The Mexican Consul in Atlanta was a graduate of Georgia Tech’s architecture school. He arranged for me to get VIP treatment in Mexico. The supervisors of my fellowship were to be none other than Roman Piña-Chan, Director of the Museo Nacional de Anthropoliga, and Ignacio Bernal, Director of the Institutio Nacional de Antropologia . . . two of the greatest archaeologists in the world.
Unfortunately, there was no space in Georgia Tech’s rigorous architectural curriculum to take Spanish classes between the time of being awarded the fellowship and flying off to Mexico. It was hard enough to work in the fellowship-mandated classes in Pre-Columbian architecture, commercial photography, ceramic arts, ceramic arts history and ceramic engineering.
On the kick-off day of the fellowship, Piña-Chan and Bernal were to give an orientation tour of the entire six floors of the museum. Bernal apparently assumed that I was from a wealthy Gringo family that was going to donate money to an archaeological dig. When he realized that I was a young mestizo student from a family of modest means, who was just beginning to speak Spanish, he glanced at his watch, threw up his hands, uttered “idiotas,” and walked away. I never saw or heard from him again.
In contrast, Dr. Piña-Chan was quite empathetic. He was also a Mestizo. His mother was Maya. During the remainder of the tour, he and his beautiful graduate assistant, Alejandra, went to the trouble to teach me more Spanish words that were associated with architecture and archaeology.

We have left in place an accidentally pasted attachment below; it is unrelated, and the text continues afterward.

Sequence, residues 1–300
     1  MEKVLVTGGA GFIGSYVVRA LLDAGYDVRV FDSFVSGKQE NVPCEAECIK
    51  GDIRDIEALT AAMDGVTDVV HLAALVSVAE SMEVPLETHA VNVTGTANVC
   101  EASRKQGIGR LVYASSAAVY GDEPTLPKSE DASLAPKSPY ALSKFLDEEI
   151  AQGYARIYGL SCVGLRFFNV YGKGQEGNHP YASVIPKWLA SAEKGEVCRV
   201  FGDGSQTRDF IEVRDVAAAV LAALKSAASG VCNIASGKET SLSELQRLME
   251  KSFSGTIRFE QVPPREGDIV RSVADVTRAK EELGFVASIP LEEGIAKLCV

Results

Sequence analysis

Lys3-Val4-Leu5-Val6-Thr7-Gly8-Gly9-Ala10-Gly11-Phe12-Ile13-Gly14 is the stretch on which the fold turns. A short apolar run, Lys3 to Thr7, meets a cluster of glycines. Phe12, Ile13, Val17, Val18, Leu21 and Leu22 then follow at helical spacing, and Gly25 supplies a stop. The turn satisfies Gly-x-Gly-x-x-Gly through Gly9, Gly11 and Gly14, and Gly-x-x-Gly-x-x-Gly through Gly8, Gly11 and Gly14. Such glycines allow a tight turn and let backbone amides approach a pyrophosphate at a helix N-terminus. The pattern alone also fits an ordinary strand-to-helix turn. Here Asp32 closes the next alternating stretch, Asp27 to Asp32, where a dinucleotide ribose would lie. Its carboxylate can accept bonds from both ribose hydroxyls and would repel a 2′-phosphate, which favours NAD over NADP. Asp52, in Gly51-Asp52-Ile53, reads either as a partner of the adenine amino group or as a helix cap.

The Mexican Consul had advised me that it was customary for upper level students to give their professors a gift at the beginning of a special academic activity. Since Dr. Bernal had departed, I gave both books to Dr. Piña-Chan at the end of the tour. One book was on the Native American archaeological sites in Georgia. The other was on the Native peoples of the Southeastern United States.
As I was waiting outside the museum for a newly befriended coed and aspiring actress at the Universidad de Anahuac to pick me up, Alejandra appeared and asked me to come inside again to chat with Dr. Piña-Chan. He has seen some photos and drawings in the books, which intrigued him. What particularly caught his interest were the marble, limestone, sandstone and ceramic statues found in Georgia’s Etowah River Valley. He asked me,
“Ricardo, why did your Indios make marble statues of slaves?”
That is when the journey began. During the remainder of the semester, Dr. Piña-Chan would assign me field trips to cultural regions throughout the southern 2/3 of Mexico, plus Guatemala and Belize. Periodically, I would return back to the museum for brown bag lunch sessions with him and favorite graduate students, where we would discuss what I had seen and photographed. I did visit several Itza Maya terrace complexes in Chiapas and Guatemala. One was almost identical to the Track Rock Gap Complex. However, I was a young, wet-behind-the-ears architecture student and was mainly interested in the Classic Period architecture of the big Mesoamerican cities. I did not dream that the terraces would have any relevance to my career as an architect.